Overall survival was not improved with the combination of palbociclib and fulvestrant compared with fulvestrant and placebo in the phase III PALOMA-3 trial for patients with HR-positive, HER2-negative metastatic breast cancer who received prior endocrine therapy, according to Pfizer, the developer of the CDK4/6 inhibitor.
Nicholas Turner, MD, PhD
Overall survival (OS) was not improved with the combination of palbociclib (Ibrance) and fulvestrant (Faslodex) compared with fulvestrant and placebo in the phase III PALOMA-3 trial for patients with HR-positive, HER2-negative metastatic breast cancer who received prior endocrine therapy, according to Pfizer, the developer of the CDK4/6 inhibitor.
OS was a secondary endpoint of the PALOMA-3 trial. Progression-free survival (PFS), the primary endpoint, was previously reported and led to FDA approval for palbociclib plus fulvestrant for pretreated women with HR+/HER2- metastatic breast cancer. In findings published inThe Lancet Oncology,1the median PFS was 9.5 months with palbociclib/fulvestrant compared with 4.6 months for fulvestrant alone (HR, 0.46; 95% CI, 0.36-0.59;P<.0001).
Pfizer did not release OS data but noted that a "trend" toward improvement in survival was experienced by patients treated with palbociclib. The company said that, as a secondary endpoint, the study was not "optimized" to detect a statistically significant difference in OS.
“While the difference in overall survival narrowly missed the threshold for statistical significancea high bar for any trial in this patient population—it is similar, in absolute terms, to the improvement in median progression-free survival previously demonstrated in this trial," Mace Rothenberg, MD, chief development officer, Oncology, Pfizer Global Product Development, said in a statement. "We are encouraged by these results, which build on the compelling clinical benefit delivered by Ibrance.”
The double-blind PALOMA-3 study randomized 521 patients with metastatic breast cancer whose disease progressed on or following endocrine treatment in a 2:1 ratio to fulvestrant plus either palbociclib (n = 347) or placebo (n = 174). At the first initial interim analysis, which was published in theNew England Journal of Medicinein 2015,219 patients had died in the palbociclib arm (5.5%) compared with 9 (5.2%) in the placebo group. OS data were not reported inThe Lancet Oncologypublication.
“The duration of the survival in hormone receptor-positive metastatic breast cancer patients, and the potential for subsequent therapies to confound overall survival outcomes, make demonstrating statistically significant improvement in overall survival extremely difficult,” principal investigator Nicholas Turner, MD, PhD, professor of molecular oncology at The Institute of Cancer Research, London, and consultant medical oncologist at The Royal Marsden NHS Foundation Trust, said in a statement.
Baseline patient characteristics were similar between the arms. The median age was 57 and 56 years in the palbociclib and placebo arms, respectively. Patients were stratified by menopausal status, sensitivity to prior hormonal therapy, and visceral metastases. In both treatment arms, 79% of patients were sensitive to previous endocrine treatment, 60% had visceral disease, and 79% were postmenopausal. In addition to prior endocrine therapy, 1 previous line of chemotherapy for advanced disease was permitted, of which 33% of patients in the overall population had received.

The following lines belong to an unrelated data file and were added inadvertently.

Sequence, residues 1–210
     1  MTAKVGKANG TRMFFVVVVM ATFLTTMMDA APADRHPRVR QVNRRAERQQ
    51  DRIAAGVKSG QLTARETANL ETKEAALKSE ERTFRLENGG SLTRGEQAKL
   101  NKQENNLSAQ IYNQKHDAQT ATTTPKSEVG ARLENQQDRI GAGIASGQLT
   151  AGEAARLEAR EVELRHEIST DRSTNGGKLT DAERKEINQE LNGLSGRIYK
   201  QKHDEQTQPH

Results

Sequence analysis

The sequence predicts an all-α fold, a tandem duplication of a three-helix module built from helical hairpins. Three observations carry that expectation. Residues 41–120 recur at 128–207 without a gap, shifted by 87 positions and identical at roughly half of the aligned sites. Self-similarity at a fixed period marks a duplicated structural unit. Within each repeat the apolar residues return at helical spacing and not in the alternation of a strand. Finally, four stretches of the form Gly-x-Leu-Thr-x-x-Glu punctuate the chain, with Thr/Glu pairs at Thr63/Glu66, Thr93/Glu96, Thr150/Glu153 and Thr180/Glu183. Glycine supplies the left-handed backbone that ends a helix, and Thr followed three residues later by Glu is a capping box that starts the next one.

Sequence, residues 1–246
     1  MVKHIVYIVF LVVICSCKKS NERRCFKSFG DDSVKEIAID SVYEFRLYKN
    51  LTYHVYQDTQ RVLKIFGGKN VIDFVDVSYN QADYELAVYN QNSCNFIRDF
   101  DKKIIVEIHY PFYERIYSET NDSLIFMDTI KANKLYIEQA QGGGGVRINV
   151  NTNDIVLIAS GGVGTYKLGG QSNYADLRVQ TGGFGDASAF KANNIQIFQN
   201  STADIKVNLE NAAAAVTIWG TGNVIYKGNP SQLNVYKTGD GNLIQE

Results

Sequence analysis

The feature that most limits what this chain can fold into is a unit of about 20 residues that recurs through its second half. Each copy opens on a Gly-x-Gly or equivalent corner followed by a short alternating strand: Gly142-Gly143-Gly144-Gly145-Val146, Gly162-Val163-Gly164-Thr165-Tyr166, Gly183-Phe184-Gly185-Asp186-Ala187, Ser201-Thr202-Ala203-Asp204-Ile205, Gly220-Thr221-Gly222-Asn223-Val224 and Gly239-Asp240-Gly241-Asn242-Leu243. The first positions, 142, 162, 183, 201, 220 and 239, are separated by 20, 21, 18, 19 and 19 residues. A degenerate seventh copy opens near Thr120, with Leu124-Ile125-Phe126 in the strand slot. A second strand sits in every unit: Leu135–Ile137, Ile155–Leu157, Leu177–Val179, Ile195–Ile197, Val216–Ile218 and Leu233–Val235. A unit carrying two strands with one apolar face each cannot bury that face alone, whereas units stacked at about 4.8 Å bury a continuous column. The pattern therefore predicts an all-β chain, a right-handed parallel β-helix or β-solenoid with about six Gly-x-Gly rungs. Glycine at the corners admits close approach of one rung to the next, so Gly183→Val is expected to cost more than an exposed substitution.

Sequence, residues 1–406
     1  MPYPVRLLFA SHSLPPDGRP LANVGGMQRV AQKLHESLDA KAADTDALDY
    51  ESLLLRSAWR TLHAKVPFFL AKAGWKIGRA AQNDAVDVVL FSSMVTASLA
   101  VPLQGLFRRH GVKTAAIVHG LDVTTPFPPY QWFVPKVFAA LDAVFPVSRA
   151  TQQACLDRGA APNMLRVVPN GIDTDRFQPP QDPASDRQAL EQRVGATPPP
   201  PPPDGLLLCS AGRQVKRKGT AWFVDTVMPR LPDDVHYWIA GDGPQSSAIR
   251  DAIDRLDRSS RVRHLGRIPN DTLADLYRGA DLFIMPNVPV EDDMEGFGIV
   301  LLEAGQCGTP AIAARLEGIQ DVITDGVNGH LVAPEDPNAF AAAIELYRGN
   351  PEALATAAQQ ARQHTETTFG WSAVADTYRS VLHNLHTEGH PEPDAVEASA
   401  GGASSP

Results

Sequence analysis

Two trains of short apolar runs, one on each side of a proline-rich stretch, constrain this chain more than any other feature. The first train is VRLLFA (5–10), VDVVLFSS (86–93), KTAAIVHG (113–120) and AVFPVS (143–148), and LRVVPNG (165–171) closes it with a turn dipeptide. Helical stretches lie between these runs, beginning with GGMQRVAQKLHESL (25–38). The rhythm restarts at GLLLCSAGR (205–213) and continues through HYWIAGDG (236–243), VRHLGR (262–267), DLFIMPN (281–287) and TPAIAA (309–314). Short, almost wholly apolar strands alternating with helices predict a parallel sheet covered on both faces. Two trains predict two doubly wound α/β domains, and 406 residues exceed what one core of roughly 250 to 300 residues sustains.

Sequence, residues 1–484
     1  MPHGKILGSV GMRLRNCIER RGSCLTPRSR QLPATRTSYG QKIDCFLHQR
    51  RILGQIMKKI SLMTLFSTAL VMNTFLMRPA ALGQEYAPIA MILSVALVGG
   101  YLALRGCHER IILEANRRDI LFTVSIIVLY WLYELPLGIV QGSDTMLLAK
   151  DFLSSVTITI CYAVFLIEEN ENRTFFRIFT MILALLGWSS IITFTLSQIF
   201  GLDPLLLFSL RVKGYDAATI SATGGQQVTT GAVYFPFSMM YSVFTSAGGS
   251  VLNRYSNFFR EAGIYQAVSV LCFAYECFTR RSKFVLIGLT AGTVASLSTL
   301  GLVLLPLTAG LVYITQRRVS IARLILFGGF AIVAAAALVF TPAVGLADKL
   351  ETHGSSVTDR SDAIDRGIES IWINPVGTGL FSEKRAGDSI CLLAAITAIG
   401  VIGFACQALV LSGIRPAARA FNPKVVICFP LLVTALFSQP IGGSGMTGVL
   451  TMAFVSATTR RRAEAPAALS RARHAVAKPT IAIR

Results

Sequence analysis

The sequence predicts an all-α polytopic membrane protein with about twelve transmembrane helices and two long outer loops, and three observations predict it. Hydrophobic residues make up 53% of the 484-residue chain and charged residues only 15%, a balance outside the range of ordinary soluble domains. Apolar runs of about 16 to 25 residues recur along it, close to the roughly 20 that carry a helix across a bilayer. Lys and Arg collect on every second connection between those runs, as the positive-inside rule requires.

The overall response rate was 24.6% for the palbociclib arm compared with 10.9% for the placebo plus fulvestrant arm. The duration of response was 9.3 months versus 7.6 months, respectively.
Improvements in PFS were seen regardless of menopause status and remained consistent across all prespecified subgroups. In premenopausal perimenopausal patients, who also received goserelin with study treatments, the median PFS was 9.5 months with palbociclib compared with 5.6 months with placebo (HR, 0.50; 95% CI, 0.29-0.87). In postmenopausal patients, the median PFS was 9.9 vs 3.9 months, respectively (HR, 0.45; 95% CI, 0.34-0.59).
The most common all-grade adverse events (AEs) for the palbociclib versus the control arm, respectively, included neutropenia (81% vs 4%), leukopenia (50% vs 5%), infections (42% vs 30%), fatigue (39% vs 28%), nausea (32% vs 28%), anemia (28% vs 11%), headache (24% vs 19%), diarrhea (21% vs 19%), thrombocytopenia (22% vs 0%), constipation (19% vs 16%), and vomiting (17% vs 15%).
Neutropenia (65%) and leukopenia (28%) were the most common grade 3/4 AEs. Serious AEs were reported for 13% of patients in the palbociclib arm compared with 17% in the placebo group. Dose reduction related to AEs occurred in 34% of patients versus 2% with placebo. Discontinuations due to AEs were required for 4% and 2% of patients, respectively.
“The results from this overall survival analysis support the strong progression-free survival results from PALOMA-3 and, while not statistically significant, are encouraging for physicians and patients,” said Turner. “We look forward to presenting the detailed data at an upcoming medical meeting.”
The FDA initially granted palbociclib an accelerated approval in February 2015 as a frontline treatment for postmenopausal women with ER-positive, HER2-negative metastatic breast cancer. Pfizer has not yet release a scheduled date for presentation of the PALOMA-3 findings.